'Protect hidden green jewels' Branching out: Keeping track of wildlife in 'secret' lane.
A team of Midland scientists hopes vital research will help protect some of Britain's richest and most vulnerable wildlife habitats from being swallowed up by developers.
Ecologists at Staffordshire University are calling for ancient green lanes, which are home to an array of wildlife, to be given official recognition so that they are protected.
The researchers looked at a variety of green lanes across the country and found they had two to four times as many butterflies and more than a quarter more species of plants - even more than the normal hedgerows.
The lanes are bounded on both sides by hedges, dry-stone walls or grassy banks and often sunk below field level.
Ecologist John Dover, from the School of Sciences at the university, believes the lanes act as biodiversity reservoirs in farmland as they are protected by the hedges or walls from being sprayed with pesticides and herbicides.
'They are really worthy of a conservation status but at the moment they have no special protection,' he said.
'They are invisible in land planning terms and no-one has specific responsibility for them.
'It is a worry with the foot and mouth crisis that smaller farmers may sell up and the land will then be bought by larger firms who want bigger fields and therefore get rid of the surrounding hedgerows and green lanes.'
During the research ecologists found an array of butterflies from the Common Blue, which is becoming less common throughout Britain, the Orange Tip, Painted Lady and Meadow Brown.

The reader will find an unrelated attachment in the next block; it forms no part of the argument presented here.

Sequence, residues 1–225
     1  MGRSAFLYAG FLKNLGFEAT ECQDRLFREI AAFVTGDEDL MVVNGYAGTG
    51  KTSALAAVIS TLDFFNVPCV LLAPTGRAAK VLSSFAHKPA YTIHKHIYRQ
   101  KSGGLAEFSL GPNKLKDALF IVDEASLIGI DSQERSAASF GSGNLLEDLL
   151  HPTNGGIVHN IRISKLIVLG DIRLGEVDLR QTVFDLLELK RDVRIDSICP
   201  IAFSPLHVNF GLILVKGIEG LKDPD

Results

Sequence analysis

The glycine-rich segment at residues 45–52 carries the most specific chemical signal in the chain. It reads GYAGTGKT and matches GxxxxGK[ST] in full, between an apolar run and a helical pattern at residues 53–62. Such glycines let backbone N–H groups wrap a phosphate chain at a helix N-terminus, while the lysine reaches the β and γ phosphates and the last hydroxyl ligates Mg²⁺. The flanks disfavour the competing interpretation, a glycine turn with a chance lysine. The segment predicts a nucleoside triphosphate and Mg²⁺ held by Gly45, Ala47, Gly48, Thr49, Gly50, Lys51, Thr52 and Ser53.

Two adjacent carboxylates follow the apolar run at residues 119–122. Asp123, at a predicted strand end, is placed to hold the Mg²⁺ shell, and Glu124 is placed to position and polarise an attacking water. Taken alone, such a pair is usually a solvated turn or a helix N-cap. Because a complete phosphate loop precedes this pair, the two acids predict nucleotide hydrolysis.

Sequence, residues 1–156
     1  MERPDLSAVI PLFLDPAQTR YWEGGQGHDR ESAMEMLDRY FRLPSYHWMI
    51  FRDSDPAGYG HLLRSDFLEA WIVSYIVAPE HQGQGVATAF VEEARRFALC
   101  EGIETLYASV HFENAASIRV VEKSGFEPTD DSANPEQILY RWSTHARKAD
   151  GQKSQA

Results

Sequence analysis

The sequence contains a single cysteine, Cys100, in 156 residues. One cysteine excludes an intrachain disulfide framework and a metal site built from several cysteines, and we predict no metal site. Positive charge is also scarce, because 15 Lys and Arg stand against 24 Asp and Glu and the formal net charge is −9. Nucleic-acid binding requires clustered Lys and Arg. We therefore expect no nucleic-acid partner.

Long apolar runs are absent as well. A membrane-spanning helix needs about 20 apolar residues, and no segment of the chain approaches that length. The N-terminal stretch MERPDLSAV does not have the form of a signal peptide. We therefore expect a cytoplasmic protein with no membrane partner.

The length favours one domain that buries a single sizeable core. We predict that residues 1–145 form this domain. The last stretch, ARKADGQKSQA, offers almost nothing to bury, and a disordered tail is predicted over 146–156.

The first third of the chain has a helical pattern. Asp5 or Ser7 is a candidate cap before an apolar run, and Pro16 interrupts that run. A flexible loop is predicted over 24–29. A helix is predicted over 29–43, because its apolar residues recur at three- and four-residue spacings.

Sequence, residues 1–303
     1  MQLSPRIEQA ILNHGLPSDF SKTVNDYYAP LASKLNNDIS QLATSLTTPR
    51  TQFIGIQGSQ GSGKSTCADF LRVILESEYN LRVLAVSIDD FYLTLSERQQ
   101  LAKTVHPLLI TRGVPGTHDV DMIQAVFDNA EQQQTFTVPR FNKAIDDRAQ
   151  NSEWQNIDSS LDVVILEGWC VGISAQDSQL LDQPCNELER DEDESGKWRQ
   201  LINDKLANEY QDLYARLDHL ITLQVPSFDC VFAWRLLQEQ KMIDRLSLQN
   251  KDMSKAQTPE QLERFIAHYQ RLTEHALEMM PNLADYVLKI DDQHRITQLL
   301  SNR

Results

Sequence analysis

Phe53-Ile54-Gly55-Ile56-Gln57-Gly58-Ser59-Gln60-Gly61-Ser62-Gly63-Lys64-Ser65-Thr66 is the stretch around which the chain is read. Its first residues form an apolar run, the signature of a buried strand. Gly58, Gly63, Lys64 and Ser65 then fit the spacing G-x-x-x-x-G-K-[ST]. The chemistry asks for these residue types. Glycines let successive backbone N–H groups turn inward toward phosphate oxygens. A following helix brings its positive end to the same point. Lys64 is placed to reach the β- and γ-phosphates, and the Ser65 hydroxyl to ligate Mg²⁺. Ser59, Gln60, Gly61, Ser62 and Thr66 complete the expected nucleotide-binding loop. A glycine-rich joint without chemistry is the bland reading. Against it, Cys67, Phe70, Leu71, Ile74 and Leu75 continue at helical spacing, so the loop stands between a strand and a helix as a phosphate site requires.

Butterflies are often seen as excellent indicators of wildlife in an area and now further studies are under way to discover bird species in the enticing habitat.
Some of the lanes are more than 2,000 years old and it is estimated there are around 5,000 miles of them across Britain.
But Mr Dover fears they could be threatened not only from development but also from leisure activities such as off-road driving and scramble biking as well as use by farmers with tractors or herds of cattle.
Mr Dover said: 'Anything that moves the lanes away from a grassy base could be a threat, such as cattle churning them up or people tarmacing them for easier access. But we would not want to stop people from using them, because trees would take over and the lanes would become linear woodlands, losing their special value. What we would like to see is wise use of these beautiful secret places.'
The research, which dubbed the lanes as jewels of biodiversity, will be welcomed by wildlife groups who have seen a dramatic drop in butterfly numbers over the last 200 years.
The Millennium Atlas of Butterflies in Britain and Ireland, published earlier this year, blamed human activity for the drop in numbers, with loss of habitat and changes in farming practices both criticised for the downturn.
It showed half of Britain's butterfly species has declined substantially in the past 200 years, with five varieties becoming extinct.
The report on the green lanes will be presented to the International Association for Landscape Ecology at its conference Hedgerows of the World in Birmingham in September.
Ecologist John Dover strolling along a green lane in the village of Beoley near Redditch